Maximizing your Tutoring Time

A tutor is a most valued merchant, one who trades in the intangibles: Knowledge. And, let’s be clear, the Calgary Tutoring Centre does a fantastic job of providing this service to students who really need the extra time to review and learn. However, as a tutor myself, I have run into some tariffs with students in the past; I wasn’t able to ply my trade to the best of my ability. While the time was never wasted, it could have been filled more efficiently, so it is with great optimism that I think, after reading this article, you, as either a parent or a student, will be able to maximize your time with the tutor the Calgary Tutoring Centre has arranged for you, whether you are meeting him/her for the first time or have had classes for some period of time. So read on to maximize the time you have with the professional at your disposal.

To the Parents:

Identify your Child’s Goals

This is important. Have a serious, sit-down discussion with your son or daughter to discuss their future, especially if they are in high school. You should already have an idea of your child’s interests. Build on their innate interests to identify career goals and, ultimately, the grades and classes they need to reach those goals. Your child may not even know a job or career exists yet, and perhaps there will be a new, exciting job that will only be created years down the road, so be sure to come with a heap of ideas for you to discuss with them. My parents actually sent my brother to a professional career counsellor (who is now, sadly, retired) that completed personality tests and had several one-on-one sessions to discuss my brother’s interests and the potential career paths he could take once he graduated high school. It was an integral moment in my brother’s life because he could see, for the first time, long-term goals that he could work towards. I suggest you do the same with your children.

Identify your Child’s Needs

After you have identified some long-term goals, it’s time to look at the here-and-now. Break out your cherub’s latest report card and see if he/she is on a path that would allow him/her to fulfil that long-term goal. If your little bambino is not doing so well in one of the prerequisite classes, guess what? It’s time for some extra help. Do not fear for your young one, for underachievement is perfectly normal—the ability to focus on long-term goals is not something children or teenagers are very good at managing by themselves, so don’t be too hard on them; they are doing their best. You just need to push them beyond what they can do by themselves, which is exactly where your tutor comes in. Tell your tutor exactly what the goals and objectives of your child are. Your tutor needs to know what those goals are so that they can plan the tutoring time accordingly and, if need be, request more study time to avoid speedbumps on the highway to your child’s future career. Basically, your tutor is there to help your son or daughter complete sort-term goals in order to fulfil a much bigger, more important long-term one.

To the Students:

Be Prepared

Your tutor should get in touch with you or your parents before your sessions begin to see where you are in your classes. Obviously, knowing this will help your tutor better prepare for the sessions you will have. If you can, provide your tutor with a syllabus. If your tutor knows what you have covered and what you will cover, there is a much better chance you and your tutor will maximize your time together. Also, in the case of English, you should provide writing samples so that your tutor can see how you write and organize your ideas. Let your tutor know what texts you are and will be using in class, especially novels. There is a massive reading list your English teacher could pull from and there is absolutely no way your tutor has read everything on it. No. Way. So give your tutor some time to read and investigate the literature you are covering in class. And one last thing: You should also email your tutor any assignments and/or study topics you need to review. Do this a couple days before your session. Trust me, your tutor will thank you. It’s nerve-wracking to walk into a session without any knowledge of what you will discuss. Tutors need time to prepare and review, just like anyone else.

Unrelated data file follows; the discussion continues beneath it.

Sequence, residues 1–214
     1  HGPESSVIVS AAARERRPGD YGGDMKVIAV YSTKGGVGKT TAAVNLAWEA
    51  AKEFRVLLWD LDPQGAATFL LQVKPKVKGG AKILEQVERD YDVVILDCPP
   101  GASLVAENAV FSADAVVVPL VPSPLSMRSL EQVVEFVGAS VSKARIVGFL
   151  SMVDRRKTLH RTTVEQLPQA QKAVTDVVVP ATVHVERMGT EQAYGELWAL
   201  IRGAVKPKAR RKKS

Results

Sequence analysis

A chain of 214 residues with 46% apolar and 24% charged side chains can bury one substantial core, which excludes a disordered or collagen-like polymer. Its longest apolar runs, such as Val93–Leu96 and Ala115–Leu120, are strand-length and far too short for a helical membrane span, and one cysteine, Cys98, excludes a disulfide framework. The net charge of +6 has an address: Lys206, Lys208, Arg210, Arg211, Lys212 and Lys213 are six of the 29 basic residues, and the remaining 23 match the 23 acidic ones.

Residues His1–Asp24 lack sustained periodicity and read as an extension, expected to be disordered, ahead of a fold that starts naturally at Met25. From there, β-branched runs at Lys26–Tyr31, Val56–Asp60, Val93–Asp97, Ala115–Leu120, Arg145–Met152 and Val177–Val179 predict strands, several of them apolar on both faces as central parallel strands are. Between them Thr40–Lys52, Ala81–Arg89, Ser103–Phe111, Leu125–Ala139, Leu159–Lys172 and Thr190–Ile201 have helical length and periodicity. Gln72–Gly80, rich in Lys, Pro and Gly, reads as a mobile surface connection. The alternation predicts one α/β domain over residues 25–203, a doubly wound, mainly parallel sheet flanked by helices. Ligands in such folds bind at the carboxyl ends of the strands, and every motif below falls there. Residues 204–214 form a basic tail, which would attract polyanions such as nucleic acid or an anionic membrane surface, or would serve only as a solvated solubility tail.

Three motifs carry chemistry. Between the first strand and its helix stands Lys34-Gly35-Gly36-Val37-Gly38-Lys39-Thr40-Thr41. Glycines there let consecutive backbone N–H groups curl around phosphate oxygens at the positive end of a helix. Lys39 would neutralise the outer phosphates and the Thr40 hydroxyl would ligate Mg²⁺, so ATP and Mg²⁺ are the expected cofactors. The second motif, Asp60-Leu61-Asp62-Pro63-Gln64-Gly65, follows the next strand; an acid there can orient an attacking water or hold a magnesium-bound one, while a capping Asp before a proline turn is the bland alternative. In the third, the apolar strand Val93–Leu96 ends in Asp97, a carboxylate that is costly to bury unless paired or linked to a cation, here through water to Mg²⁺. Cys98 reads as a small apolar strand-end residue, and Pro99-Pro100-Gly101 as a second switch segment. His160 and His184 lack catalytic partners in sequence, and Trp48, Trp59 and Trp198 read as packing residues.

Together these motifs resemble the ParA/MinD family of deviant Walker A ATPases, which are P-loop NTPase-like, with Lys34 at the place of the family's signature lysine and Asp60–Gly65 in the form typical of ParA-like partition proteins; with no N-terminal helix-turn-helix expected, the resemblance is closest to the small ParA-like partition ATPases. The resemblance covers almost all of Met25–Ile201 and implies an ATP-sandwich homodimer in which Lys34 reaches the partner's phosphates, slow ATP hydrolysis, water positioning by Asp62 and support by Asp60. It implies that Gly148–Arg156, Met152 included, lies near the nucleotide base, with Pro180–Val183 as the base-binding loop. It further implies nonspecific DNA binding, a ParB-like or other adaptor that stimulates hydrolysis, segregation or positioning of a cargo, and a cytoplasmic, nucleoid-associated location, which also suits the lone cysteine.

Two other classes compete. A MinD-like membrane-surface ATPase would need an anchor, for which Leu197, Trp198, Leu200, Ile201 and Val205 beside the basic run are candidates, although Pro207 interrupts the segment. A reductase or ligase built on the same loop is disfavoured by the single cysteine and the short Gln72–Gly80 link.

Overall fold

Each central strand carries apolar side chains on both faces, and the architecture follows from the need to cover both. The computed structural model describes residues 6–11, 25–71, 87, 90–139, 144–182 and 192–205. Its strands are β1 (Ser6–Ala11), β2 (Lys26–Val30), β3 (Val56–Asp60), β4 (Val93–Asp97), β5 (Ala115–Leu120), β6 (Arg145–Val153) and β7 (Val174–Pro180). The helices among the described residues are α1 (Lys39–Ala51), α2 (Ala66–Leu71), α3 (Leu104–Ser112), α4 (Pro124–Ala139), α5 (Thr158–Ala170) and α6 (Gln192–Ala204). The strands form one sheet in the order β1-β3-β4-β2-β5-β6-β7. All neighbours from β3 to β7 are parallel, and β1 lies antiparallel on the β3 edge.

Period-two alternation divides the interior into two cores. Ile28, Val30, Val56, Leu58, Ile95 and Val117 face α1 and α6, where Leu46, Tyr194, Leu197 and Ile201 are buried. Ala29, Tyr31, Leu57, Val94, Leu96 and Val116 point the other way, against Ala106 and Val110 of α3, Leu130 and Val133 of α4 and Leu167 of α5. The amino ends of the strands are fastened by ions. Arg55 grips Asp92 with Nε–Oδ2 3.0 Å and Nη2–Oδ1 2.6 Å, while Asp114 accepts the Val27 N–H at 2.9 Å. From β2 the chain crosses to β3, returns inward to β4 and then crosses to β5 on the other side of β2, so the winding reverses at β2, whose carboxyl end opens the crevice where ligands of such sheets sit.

Seize the Opportunity

Don’t see having a tutor as a negative thing. It is, without a doubt, one of the best things that can happen to you as a student. Spending one-on-one time with a professional is the best instruction you can get, so treat it appropriately. If you are all caught up in all your assignments and reading tasks and your grades are on-point, have a discussion with your tutor about an extracurricular activity you could work on. Or, review your last test to keep the information fresh in your mind. Many of your high school classes are cumulative, and so any review you do would only help you come the final exam. So take the time seriously, be prepared to work hard during those hours, and always, always focus on those long-term goals.

In review, there are several things that both parents and students can do to maximize precious tutoring time. Parents can help their children identify long-term goals and weed out weaknesses in order to maximize their potential. Students can prepare for classes appropriately by keeping in constant contact with their tutor by giving key information about classes so that they are fully prepared for the sessions. Students must also seize the opportunities that tutors give them. So, whether you are a parent or a student, take my advice and maximize your tutoring time.